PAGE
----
What Do You Mean ‘We,’ White Man?

Photo of Clayton Moore as the Lone Ranger and Jay Silverheels as Tonto, 3 February 1956. Moore is riding Silver, while Silverheels is riding Scout. (Credit:  ABC Television)

Photo of Clayton Moore as the Lone Ranger and Jay Silverheels as Tonto, 3 February 1956. Moore is riding Silver, while Silverheels is riding Scout. (Credit: ABC Television)

The joke was old even before it appeared in print.

The Lone Ranger and Tonto find themselves surrounded by hostile Indians. The Ranger asks Tonto: “What are we going to do, Tonto?” To which Tonto replies: “What do you mean we, white man (or paleface, or kemo sabe, depending on the version)?” Its racist ancestry is undeniable: the joke partly evokes the picture of a feckless subordinate who will treacherously abandon his superior at the first sign of trouble—usually with the ethnic or social group to which the subordinate belongs. But even before 1956, ancient variants of the joke were meant to deflate the condescension of individuals who used the royal “we,” and the insulting presumption of people who assumed, for their own purposes, what they had no business assuming.

Perhaps because one becomes cantankerous with advancing age, I have increasingly resorted, in the last few years, to Tonto’s wise words to defend myself against the mind-bending onslaught of U.S. political rhetoric.

Take these examples from three members of what H.L. Mencken called America’s governing “clown dynasty.”

  1. Arizona’s recently elected governor, Doug Ducey, said while presenting his first budget proposal: “This budget reflects our values as Arizonans…. And we are asking some folks to tighten their belt” (Arizona Republic, March 5, 2015; my emphasis).

The premise is that the budget is based on “our” values, but a different and unspecified “we” cuts the budget for “some folks” who are not part of the “we.” One can forgive the insecurity of a young governor who must insist in believing that his values are shared by everyone else. But when faced with a budget that increases state spending in Arizona’s privatized prison system and also severely cuts higher education, one cannot help but reply: “What do you mean we, white man?”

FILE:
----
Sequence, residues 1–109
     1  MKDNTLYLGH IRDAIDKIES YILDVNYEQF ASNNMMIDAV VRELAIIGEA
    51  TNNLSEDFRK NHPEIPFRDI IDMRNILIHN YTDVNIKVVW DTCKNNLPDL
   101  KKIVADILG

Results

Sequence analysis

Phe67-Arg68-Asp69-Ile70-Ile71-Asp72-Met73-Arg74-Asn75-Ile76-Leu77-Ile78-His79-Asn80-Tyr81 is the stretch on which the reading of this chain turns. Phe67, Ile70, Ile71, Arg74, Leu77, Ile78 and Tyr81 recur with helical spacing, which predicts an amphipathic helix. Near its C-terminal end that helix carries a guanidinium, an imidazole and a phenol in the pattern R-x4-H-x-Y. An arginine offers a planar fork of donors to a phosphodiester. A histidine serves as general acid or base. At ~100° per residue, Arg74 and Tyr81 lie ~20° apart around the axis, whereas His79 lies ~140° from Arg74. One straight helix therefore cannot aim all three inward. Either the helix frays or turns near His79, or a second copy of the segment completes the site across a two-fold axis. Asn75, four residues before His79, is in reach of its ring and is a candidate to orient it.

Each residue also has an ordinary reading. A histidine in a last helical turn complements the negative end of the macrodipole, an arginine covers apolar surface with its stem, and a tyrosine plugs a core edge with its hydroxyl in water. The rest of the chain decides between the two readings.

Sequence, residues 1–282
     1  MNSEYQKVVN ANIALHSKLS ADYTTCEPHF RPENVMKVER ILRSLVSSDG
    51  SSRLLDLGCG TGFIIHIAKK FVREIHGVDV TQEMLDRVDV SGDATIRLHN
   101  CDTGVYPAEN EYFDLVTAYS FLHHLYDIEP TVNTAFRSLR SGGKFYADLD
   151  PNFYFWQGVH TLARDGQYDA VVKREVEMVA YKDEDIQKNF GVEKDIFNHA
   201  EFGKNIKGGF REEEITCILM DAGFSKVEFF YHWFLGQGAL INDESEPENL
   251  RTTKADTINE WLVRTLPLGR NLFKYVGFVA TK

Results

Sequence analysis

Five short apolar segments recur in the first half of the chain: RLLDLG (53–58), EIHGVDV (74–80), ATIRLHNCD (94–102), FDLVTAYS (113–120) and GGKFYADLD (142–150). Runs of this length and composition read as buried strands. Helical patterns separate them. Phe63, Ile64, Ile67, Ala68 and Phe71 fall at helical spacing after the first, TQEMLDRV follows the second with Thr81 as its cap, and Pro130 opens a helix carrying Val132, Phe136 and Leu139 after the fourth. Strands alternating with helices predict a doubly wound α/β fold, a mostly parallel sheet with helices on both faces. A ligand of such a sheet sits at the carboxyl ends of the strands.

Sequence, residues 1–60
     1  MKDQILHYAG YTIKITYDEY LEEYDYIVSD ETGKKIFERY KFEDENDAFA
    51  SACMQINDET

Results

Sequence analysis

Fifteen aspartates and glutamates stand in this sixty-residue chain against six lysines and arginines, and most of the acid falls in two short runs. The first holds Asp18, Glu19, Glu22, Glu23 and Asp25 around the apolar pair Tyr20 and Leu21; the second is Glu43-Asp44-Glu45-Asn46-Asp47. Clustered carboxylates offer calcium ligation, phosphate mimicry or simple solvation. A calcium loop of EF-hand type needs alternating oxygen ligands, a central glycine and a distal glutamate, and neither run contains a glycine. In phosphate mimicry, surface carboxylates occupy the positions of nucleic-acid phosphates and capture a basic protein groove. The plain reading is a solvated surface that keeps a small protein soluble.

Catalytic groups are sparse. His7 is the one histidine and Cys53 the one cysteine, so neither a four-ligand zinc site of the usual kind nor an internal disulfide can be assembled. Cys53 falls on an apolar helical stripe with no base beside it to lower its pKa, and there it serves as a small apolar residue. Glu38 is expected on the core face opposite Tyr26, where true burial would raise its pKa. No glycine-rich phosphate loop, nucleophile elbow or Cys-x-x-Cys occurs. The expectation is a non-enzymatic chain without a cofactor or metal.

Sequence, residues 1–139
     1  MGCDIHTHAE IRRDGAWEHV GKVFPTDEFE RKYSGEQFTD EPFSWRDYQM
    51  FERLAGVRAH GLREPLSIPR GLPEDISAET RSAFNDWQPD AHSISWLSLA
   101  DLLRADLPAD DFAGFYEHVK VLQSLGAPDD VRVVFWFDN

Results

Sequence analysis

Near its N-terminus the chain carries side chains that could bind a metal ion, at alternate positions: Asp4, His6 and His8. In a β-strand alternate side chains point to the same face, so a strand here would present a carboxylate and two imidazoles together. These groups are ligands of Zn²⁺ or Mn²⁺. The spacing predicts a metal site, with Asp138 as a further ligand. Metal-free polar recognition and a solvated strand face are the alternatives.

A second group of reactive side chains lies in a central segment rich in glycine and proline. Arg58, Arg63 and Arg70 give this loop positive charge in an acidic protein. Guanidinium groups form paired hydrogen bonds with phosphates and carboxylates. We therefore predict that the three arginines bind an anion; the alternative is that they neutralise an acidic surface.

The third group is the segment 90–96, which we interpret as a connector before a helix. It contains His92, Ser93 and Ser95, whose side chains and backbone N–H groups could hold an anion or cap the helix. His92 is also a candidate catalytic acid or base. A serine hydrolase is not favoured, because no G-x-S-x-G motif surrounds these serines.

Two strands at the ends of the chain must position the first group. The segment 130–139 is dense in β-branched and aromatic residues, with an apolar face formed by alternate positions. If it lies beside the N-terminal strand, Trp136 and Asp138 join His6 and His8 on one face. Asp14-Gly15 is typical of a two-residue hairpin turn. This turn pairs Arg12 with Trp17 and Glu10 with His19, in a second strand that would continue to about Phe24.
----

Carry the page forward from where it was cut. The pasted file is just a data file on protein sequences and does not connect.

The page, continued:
1. Tonto’s reply is one that can be automatically used to rebuff almost anything said by Senator John McCain. Who can forget his illustrious words after the Russian invasion of Georgia in 2008: “I know I speak for every American when I say … ‘Today we are all Georgians’.”

No one gave him license, or elected him to speak for all. There are those who would stand in shameful, respectful silence rather than offer cheap sentiments to a friend in need whom we are not prepared to help. And others, if ever a messenger was needed, would rather have the Prince of Darkness as spokesperson than John McCain. Many of us still remember “Bomb bomb bomb, bomb bomb Iran.” Who is this “we” you talk about, pale face?

  1. Speaking on cable TV in favor of the infamous Arizona SB 1070, former governor Jan Brewer once affirmed: “We are not racist, we are not bigoted, but we know that ‘the liberal media’ … wants to shove that race card out there…. I believe that 70 percent of people in America … agree with us in Arizona. Every poll will tell you—they agree with what we’re doing.”

When the TV host asked which polls she was referring to, Brewer said “she couldn’t name anything off the top of her head.” “We know,” “with us” and “what we’re doing,” kemo sabe?

There are many reasons why the Lone Ranger and Tonto are, in the words of Bernard Shaw, “rooted in my deeper affections.” Not the least of them is the codification of this joke in mythical American trappings. The royal “we” is the hobgoblin of conceited little minds. It is often used by U.S. politicians so threatened by a changing America, so challenged by the substance of multiculturalism, so unprepared to face the ideal of diversity at the heart of a true democracy, that they fight to impose—for just awhile longer—the barbarous superstitions of their “tribe,” which they mistake for “the laws of nature.” (Shaw, Caesar and Cleopatra)


David Bradley, White Earth Ojibwe Pueblo Feast Day, 1997 acrylic on canvas. Gift from James and Margie Krebs. Collection of Native American Art, Peabody Essex Museum, Salem, Massachusetts. © Peabody Essex Museum 2006. Photo by Jeffrey Dykes.

David Bradley, White Earth Ojibwe, Pueblo Feast Day, 1997, acrylic on canvas. Gift from James and Margie Krebs. Collection of Native American Art, Peabody Essex Museum, Salem, Massachusetts. © Peabody Essex Museum 2006. Photo by Jeffrey Dykes.


  1. Yes, I think they translated it to several languages. In Brazil, Lone Ranger says: “Tonto, now we’ve had it!” And Tonto replies: “We, paleface?”. Brilliant!!! One of the best jokes ever. Everybody uses this joke in several daily situations: “we must complain about the boss”. “We, paleface?” lol.


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